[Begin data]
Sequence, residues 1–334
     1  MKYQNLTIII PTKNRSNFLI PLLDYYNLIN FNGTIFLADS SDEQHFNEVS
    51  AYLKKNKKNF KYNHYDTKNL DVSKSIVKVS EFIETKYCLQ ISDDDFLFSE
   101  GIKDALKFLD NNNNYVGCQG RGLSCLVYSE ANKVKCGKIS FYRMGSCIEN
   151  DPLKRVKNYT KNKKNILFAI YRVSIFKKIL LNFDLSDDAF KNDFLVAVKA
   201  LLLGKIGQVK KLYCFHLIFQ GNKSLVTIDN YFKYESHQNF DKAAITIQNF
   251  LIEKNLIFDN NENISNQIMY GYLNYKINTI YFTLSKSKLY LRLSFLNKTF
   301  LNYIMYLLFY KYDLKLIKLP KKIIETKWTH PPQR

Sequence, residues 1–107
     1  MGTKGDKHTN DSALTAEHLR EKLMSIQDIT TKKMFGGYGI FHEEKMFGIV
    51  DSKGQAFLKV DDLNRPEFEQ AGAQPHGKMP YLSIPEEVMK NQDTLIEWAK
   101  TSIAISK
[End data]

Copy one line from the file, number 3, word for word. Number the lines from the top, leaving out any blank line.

    51  AYLKKNKKNF KYNHYDTKNL DVSKSIVKVS EFIETKYCLQ ISDDDFLFSE